No matter your gender, everyone from all walks of life deserves to experience the joy of riding a bicycle.
For such a simple and straightforward machine, a bike is more than just the sum of its parts—it's a mode of transportation for some, a tool to stay in shape for others and it even provides a livelihood for some of the world's best athletes.
While spandex-clad men have dominated this historic sport for over 150 years, women's professional cycling has been on an absolute tear recently. There's certainly a long way to go, but it's entered the mainstream conversation and has deservedly garnished editorial coverage and high-caliber sponsorships, as well as legions of fans all over the world.
If you're unfamiliar with women's pro cycling, we're here to help. Below we listed a few of our favorite things about women's professional cycling—from dominant stars to high-intensity racing.
What are some of your favorite moments in women's professional cycling? Why do you watch? Let us know in the comments, below!
Unlike men's cycling (although men's cycling is a relatively lean sport compared to the financial backing of other sports, too), professional cyclists in the women's rank don't make very much money from their contracts. Of course, this needs to change and team budgets have been increasing in the past couple years, but generally their contracts aren't lucrative, which means they're usually racing for the passion of the sport, not the money.
Many of these women have side careers or have entered the professional ranks later in life and simply love the competition, the camaraderie and the thrill of racing in the peloton—and it shows when they're on their bike.
More In-race Action
We'd love to see the women's race calendar as filled with events as the men's calendar, but since there aren't as many races every year, a good showing at these events is even more important.
You'll see more action right from the start as teams fight to make the breakaways, you'll see more dramatic long-range attacks and generally it feels much less conservative, which makes it fun for audiences at home. Road racing is generally the fan favorite type of racing, but women are dominating the gravel, cyclocross and mountain bike scenes as well and shouldn't be overlooked.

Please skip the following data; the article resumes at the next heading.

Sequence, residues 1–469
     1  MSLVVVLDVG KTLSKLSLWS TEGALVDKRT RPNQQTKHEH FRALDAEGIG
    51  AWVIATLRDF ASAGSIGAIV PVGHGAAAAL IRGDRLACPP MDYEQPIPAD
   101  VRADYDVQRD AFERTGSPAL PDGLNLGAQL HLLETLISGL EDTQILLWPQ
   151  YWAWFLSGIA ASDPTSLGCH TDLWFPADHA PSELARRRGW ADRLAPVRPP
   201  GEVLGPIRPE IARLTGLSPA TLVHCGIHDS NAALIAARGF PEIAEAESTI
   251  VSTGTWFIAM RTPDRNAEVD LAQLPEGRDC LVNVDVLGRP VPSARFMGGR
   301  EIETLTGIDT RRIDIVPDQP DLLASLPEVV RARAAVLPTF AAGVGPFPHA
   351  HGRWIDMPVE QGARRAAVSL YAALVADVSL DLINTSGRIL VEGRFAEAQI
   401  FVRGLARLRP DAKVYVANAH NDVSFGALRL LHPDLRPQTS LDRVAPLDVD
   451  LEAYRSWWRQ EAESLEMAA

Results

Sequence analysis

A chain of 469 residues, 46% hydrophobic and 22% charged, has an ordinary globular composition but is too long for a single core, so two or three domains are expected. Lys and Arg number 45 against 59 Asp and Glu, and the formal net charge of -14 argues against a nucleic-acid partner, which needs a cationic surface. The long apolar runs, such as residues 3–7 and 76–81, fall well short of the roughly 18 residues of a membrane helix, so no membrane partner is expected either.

You'll be hard-pressed to find women's professional cycling coverage from major TV networks in the United States—especially now that Universal has announced that NBC Sports will be shutting down by the end of 2021. What you will find, though, is that there's a wide array of coverage for women's professional cycling if you know where to look. We love the coverage by our friends at Global Cycling Network (GCN), and they even stream some of the major races through their GCN+ service (make sure your area is included before subscribing). You can also find some live coverage and replays of major races, including post-race interviews and highlights on FloBikes.
It won't be live, but you'll be able to watch recaps of some races on YouTube on the Eurosport or UCI channels, too. Beyond that, there's lots of grassroots-style insider content from team, sponsor and rider social media accounts, as well as editorial outlets like VeloNews and Cyclingnews.
Like Chris Froome or Julian Alaphilippe in the men's ranks, the women's peloton has some world-class dominant athletes that deserve attention.
None is more iconic than Marianne Vos, a three-time world road race champion, a seven-time cyclocross world champion and an Olympic gold medalist who is a threat for a win at each race she starts. Other notable riders to pay attention to include Annemiek van Vleuten, Anna Van der Breggen and Amanda Spratt—but breakout stars seem to show their mettle at every race.
We've mentioned this in passing already, but it's clear that women's professional cycling is growing year after year. From more races to more resources, the peloton is more competitive than ever before. Fans are demanding more content, and the growing interest paired with the outspokenness of the athletes and teams themselves (as well as advancements in women's-specific gear) have pushed women's cycling into a greater conversation.
By supporting women's cycling as a fan, you're helping secure more long-term sponsorships for teams, you're helping them add more races to their calendar (multi-stage racing, anyone?) and you're helping these world-class athletes gain the equal pay and notoriety they deserve. A great comparative example is in the sport of triathlon, where women and men race on the same course, have access to similar sponsorships, and recently, have equal prize money for strong performances.
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